Russian suspect in polonium death says he won't cooperate with British police
A Russian suspect in the death of Kremlin critic Alexander Litvinenko said today he would no longer cooperate with a British inquiry into the former KGB agent's radiation poisoning in London
Andrei Lugovoy, a former security agent who is now a member of Russia's parliament, told a news conference in Moscow that Britain was trying to hide the truth about Litvinenko's death in November 2006 by keeping evidence secret.
His announcement could increase tension between Britain and Russia, whose foreign and defence chiefs are due to meet in London on Wednesday in the latest effort to improve relations that frayed over Litvinenko's death.
"I have come to the conclusion that the British authorities will not give me a chance to prove my innocence. I will be unable to get justice in Britain," said Lugovoy, who has denied any involvement in Litvinenko's death.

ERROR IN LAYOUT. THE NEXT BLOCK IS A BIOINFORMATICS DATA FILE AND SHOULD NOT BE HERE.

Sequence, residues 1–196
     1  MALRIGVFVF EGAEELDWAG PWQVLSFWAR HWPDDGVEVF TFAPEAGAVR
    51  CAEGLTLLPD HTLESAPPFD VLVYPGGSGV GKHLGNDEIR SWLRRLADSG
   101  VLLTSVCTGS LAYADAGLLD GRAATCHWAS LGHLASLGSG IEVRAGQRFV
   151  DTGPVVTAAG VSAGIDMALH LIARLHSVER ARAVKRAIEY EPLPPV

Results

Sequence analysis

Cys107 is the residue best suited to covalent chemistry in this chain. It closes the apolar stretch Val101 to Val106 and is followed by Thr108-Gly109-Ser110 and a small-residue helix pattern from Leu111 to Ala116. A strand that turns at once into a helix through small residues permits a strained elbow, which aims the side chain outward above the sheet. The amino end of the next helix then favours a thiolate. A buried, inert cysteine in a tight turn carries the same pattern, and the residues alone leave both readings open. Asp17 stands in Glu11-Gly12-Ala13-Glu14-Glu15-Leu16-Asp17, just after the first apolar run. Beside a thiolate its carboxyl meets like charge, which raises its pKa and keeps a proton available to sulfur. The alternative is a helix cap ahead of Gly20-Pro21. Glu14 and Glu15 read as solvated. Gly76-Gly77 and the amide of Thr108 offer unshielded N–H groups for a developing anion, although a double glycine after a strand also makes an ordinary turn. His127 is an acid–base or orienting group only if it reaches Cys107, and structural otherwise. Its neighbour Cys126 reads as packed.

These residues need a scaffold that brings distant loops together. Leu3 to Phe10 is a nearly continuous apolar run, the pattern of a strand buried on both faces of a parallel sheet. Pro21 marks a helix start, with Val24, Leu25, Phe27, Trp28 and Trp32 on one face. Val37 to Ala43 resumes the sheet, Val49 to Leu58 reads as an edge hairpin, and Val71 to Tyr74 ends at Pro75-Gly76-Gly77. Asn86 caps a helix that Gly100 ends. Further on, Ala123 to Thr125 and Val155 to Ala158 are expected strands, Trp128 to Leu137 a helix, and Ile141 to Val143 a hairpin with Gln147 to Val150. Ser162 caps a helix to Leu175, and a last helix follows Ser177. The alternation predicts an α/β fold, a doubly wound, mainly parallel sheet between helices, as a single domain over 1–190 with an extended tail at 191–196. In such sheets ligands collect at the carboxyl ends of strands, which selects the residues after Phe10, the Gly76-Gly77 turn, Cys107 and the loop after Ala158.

Russia has denied involvement and refused to extradite Lugovoy to face accusations he killed Litvinenko with a dose of the radioactive isotope polonium-210, but he had appointed lawyers to represent him in a coroner's inquiry into the death.
Lugovoy said a request by British Foreign Secretary William Hague to keep some information about the death secret for national security reasons was turning the inquest into a farce.
Hague and British Defence Secretary Philip Hammond are to discuss international and bilateral issues with Russian Foreign Minister Sergei Lavrov and Defence Minister Sergei Shoigu at the first session of what Moscow calls a "strategic dialogue".